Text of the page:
Having conquered much of the Americas, Spain increasingly focused on settling and ruling it. When thinking about the Spanish colonial governments, the implicit question is why Spain was able to control them so effectively. After all, none of them became independent until several decades after British colonies had won independence in North America. What differences between the Spanish colonies and the English colonies enabled Spain to keep control of their colonies so well, but enabled the English colonies to become independent?
Part of the answer is that Spain kept her colonies divided. Spain organized its colonies into provinces known as “viceroyalties.” At the top of each was a “viceroy,” a governor appointed by the king. To prevent the viceroys from getting too powerful, the kings also appointed councils know as audencias, which drafted laws and conducted trials. The king also appointed an archbishop to each viceroyalty. The viceroys, audencias, and archbishops generally worked against each other rather than together. The governments were incredibly inefficient, and therefore they were also unable to organize any rebellion. Just to be sure, the monarchs would occasionally appoint visitas from Spain, who would thoroughly investigate all three.
Unlike later English colonies, there were no elected or representative assemblies.
A lot of the conflict in Spanish colonies was between missionaries and secular governors: as during the time of the conquistadors, missionaries protested against exploitation of Native Americans but destroyed the native religious culture, while governors were usually unwilling to act against powerful landowners.
Few women from Spain made the trip to the New World, so the Spanish frequently took Native American wives. Soon a caste system (“casta” in Spanish) based on skin color developed throughout the Spanish colonies, replacing the simple distinction between conquering Spanish Christians and conquered Native American pagans. At the top were people believed to be purely Spanish, followed by people who were believed to be mostly Spanish but a little Native American, down to pure Native Americans and Africans at the bottom.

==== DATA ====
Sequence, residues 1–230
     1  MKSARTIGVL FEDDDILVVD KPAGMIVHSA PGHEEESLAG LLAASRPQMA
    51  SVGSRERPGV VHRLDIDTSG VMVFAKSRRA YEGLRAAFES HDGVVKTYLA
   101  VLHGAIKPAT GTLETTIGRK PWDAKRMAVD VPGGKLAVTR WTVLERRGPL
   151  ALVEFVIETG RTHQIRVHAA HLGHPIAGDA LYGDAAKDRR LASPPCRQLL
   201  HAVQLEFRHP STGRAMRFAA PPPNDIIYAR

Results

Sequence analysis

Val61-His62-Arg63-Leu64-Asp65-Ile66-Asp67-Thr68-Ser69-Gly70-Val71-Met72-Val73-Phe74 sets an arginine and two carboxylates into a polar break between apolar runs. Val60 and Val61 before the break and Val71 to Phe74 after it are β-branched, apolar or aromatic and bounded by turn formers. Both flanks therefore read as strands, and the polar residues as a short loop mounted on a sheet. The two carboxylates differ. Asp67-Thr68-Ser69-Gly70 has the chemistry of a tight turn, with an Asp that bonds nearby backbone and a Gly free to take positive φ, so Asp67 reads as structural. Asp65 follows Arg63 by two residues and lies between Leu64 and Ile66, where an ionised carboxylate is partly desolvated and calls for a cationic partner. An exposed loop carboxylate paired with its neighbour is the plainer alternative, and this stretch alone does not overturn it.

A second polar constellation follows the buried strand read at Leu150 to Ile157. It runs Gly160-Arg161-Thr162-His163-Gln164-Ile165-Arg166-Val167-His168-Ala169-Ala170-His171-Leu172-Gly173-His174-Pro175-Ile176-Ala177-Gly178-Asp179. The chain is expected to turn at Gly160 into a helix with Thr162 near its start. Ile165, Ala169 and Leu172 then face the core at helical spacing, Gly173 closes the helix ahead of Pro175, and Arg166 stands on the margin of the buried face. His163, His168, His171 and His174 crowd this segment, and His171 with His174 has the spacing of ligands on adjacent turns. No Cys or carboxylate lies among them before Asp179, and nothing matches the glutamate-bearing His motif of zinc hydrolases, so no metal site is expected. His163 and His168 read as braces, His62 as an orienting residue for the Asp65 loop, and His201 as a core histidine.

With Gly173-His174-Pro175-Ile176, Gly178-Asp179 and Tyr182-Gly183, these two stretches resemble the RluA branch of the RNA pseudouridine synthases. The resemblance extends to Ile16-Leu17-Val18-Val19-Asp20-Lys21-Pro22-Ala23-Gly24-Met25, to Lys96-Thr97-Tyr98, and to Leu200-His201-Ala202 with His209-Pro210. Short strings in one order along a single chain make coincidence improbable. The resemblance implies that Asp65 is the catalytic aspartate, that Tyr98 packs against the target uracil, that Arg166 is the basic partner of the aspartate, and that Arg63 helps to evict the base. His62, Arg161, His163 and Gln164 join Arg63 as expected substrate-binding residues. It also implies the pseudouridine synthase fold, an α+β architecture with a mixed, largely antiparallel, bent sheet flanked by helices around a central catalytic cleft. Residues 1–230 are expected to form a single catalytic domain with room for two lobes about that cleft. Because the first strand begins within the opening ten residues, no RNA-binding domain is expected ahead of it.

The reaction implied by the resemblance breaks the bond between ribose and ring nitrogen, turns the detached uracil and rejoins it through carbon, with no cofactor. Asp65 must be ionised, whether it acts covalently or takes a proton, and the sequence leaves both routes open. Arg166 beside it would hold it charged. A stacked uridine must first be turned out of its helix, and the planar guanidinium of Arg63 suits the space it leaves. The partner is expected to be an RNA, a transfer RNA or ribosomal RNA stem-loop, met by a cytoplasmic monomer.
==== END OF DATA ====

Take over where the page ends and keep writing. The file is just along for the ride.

In Mexico, we’ve already seen that by 1700 the majority of people were mestizos. In the Caribbean colonies there were smaller numbers of mulattos, people of mixed European and African ancestry. However, the slaves on sugar plantations were usually worked to death. The Africans did not become a self-reproducing, permanent population; instead, the plantation owners constantly imported new slaves from Africa—and worked them to death too.
Religious syncretism flourished in the Caribbean as the African slaves preserved many aspects of their own traditions while adopting Christian traditions as well, leading to “Afro-Caribbean” traditions. The most famous example is the tradition usually called “Voodoo,” though the spelling “Vodou” is more appropriate, which developed primarily in Haiti and was also common in the American South, especially around New Orleans. Similar traditions developed in the islands off the Carolina coast. Some traditions of “Voodoo” in the United States are known as “hoodoo.” For instance, the famous blues song “I Got My Mojo Working” refers to a hoodoo charm. (Don’t imagine that the religious tradition is nothing but the kind of magic and charms that you’d see in movies: there are saints, music, possession experiences: it's a whole religion, not just a few superstitions.) If you're interested, you can learn about many, many more examples of religious syncretism throughout the Caribbean and South America.
Spain (and Portugal) continued to dominate South America, Central America, and Mexico until the 1800s, but by the end of the sixteenth century other countries—especially England, France, and the Netherlands—were establishing colonies in North America, which would eventually become the United States and Canada.
The main events that made it possible for other countries to establish American colonies took place in Europe, not in the Americas. In the second half of the sixteenth century Catholics and Protestants were at war throughout Western Europe. King Philip II of Spain led the Catholics, using his wealth from the New World colonies to sponsor his militant opposition to Protestantism. The Protestants were led by the Dutch, who were rebelling against Spain, and by England under Queen Elizabeth. Meanwhile France was torn apart by a civil war between Huguenots and Catholics, each led by different prominent families.